Around the Big Ten 2011-12: Minnesota

Dylan Burkhardt


The next feature in our Around the Big Ten preview series of Q&As, Jonathan Foster from FromTheBarn stops by to discuss Minnesota’s team this season.

Previously: Penn State

The Gophers lost 10 of their final 11 games last season despite a promising non-conference start. What are the expectations for this season in Minneapolis?

With so many new faces on the team, the only real expectation is to not lose 10 of the final 11 games. The Big Ten should have something of a down year, with the departure of so many of last year’s best players, so finishing in the top half of the Big Ten is a goal. But no one would be shocked if the Gophers slide off the bubble into the NIT. But hey, that is better than last year, and better than most other teams in this town in the last year.

Breakdown the departures and additions for Minnesota this season. Which freshmen are expected to make an impact?

The starting back court of Al Nolen and Blake Hoffarber graduated. Colton Iverson transferred to Colorado State. Dominique Dawson, a walk-on who played towards the end of the season was able to secure a Division II scholarship and is enjoying a free education. Andre Hollins, who scored 46 points against Findlay Prep last season, should be in the mix at either of the starting guard spots. Joe Coleman, former Gopher Dan Coleman’s younger brother, was Minnesota’s Mr. Basketball and is aggressive with great instincts and has a chance to start as a shooting guard. Oto Osenieks may be the team’s best three-point shooter, and is a good ball-handler for a 6-foot-8 kid. While not a freshman, Julian Welch, a junior college transfer and former Big West player of the year at UC-Davis also has a chance to start at a guard spot.

Trevor Mbakwe was dominant in his debut season for Minnesota – scoring, blocking shots and grabbing rebounds – how can he improve this season?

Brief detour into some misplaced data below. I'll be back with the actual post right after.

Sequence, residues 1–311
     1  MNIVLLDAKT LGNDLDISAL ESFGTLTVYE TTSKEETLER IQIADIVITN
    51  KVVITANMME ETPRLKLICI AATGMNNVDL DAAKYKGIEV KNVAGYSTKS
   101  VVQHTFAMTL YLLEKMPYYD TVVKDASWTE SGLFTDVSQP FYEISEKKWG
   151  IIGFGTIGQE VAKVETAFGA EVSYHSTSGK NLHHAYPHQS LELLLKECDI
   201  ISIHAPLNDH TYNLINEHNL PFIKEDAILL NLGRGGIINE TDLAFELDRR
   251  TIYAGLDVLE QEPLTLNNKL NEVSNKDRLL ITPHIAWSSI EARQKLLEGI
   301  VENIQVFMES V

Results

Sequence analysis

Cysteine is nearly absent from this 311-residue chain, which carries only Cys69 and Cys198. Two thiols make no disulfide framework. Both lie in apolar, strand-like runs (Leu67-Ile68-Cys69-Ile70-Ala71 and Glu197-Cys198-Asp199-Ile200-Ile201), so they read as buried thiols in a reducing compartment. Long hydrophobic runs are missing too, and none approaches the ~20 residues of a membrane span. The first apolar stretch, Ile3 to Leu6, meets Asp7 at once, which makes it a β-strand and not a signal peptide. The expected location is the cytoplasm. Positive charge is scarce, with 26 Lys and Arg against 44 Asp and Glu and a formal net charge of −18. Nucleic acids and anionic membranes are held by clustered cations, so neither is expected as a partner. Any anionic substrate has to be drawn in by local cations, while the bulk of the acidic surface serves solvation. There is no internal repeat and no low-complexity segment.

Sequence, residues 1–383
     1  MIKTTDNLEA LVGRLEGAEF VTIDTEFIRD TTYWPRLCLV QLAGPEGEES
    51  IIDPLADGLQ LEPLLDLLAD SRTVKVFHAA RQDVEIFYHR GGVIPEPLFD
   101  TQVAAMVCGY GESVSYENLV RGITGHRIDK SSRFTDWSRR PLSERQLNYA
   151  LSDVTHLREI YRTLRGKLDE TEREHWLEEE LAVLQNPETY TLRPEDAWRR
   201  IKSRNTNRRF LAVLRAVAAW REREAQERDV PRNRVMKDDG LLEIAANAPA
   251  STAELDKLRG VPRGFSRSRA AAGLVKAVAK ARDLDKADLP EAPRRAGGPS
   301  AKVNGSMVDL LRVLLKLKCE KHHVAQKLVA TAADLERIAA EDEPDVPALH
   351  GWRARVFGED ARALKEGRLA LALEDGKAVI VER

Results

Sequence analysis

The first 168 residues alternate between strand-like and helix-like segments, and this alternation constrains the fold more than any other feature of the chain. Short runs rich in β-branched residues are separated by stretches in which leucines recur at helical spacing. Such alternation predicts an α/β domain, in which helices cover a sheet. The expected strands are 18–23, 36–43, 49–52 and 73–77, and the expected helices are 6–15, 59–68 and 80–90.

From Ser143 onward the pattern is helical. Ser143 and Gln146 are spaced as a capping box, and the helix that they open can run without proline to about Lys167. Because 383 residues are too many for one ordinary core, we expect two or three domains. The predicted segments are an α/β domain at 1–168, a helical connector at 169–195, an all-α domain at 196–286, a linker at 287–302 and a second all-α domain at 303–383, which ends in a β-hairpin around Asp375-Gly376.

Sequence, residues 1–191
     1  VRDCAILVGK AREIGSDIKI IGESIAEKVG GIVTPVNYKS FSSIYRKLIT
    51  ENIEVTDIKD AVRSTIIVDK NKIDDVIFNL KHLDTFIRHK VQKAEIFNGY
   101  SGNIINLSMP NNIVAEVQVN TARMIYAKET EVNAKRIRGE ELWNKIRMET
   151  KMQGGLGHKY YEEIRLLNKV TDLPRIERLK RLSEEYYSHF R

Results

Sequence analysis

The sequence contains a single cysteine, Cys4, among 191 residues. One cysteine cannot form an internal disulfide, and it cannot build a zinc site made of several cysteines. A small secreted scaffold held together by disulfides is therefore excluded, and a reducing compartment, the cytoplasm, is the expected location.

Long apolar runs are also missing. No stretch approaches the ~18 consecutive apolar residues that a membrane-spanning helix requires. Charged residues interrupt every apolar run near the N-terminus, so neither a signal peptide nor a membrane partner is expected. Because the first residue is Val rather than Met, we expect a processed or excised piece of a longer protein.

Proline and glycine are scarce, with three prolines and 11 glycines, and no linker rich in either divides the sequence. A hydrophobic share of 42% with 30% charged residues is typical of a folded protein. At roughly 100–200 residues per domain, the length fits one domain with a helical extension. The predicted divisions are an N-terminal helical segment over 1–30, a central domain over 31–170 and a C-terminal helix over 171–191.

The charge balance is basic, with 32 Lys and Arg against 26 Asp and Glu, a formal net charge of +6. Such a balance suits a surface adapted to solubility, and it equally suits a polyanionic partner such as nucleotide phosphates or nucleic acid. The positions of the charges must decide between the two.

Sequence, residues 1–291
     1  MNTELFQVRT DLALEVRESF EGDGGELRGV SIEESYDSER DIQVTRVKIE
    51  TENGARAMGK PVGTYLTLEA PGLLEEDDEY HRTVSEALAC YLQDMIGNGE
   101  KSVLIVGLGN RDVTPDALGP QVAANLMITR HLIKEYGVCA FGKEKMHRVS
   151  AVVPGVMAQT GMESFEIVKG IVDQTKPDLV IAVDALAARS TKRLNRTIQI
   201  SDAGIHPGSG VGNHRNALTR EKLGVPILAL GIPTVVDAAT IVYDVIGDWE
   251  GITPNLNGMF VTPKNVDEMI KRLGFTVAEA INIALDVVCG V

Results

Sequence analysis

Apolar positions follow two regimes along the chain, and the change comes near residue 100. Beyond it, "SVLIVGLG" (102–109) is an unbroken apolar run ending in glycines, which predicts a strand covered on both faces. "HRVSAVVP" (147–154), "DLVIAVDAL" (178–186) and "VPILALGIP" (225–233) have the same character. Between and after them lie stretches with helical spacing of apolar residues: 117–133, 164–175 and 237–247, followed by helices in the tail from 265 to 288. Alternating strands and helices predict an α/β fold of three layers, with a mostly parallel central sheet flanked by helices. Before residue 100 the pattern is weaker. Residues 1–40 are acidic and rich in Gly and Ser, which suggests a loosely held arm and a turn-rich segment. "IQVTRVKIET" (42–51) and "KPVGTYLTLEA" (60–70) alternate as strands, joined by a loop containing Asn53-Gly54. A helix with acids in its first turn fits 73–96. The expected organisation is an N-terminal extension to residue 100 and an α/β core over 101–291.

On the court, he needs to make some free-throws. He shot about 63% from the line, which isn’t shockingly awful, but when you take into account his 202 attempts, there are too many points left off the board. If he could improve to a 70% shooter, defense might be more reluctant to foul, and at least he’d score a few more points. If he could be more comfortable shooting from 10-12 feet, he would be nearly impossible to stop.

5ucag101709[1]Rodney Williams probably has as much potential as anyone in the league, is this the season he finally puts it all together?

This year he’ll get closer, but he’ll still be a year away. During his freshman year, he had no idea what he was doing. During his sophomore season, he knew what he needed to do, but didn’t quite know how to do it. This year, with an off-season of knowing what he needs to work on, we should see a modest improvement. I don’t think it is out of the question that he’ll score around nine points with five or six rebounds. The grand plan for this year is for the Gophers to get out and run more, which is where Rodney excels. If that comes to fruition, the numbers should be better. If injuries and other attrition occur again and he’s stuck playing out of position in a half-court offense, more than a few people will consider him a bust.

Minnesota’s turnover woes last season can’t be overstated. Those problems were obviously magnified by injuries but how can Minnesota improve on those struggles from a year ago?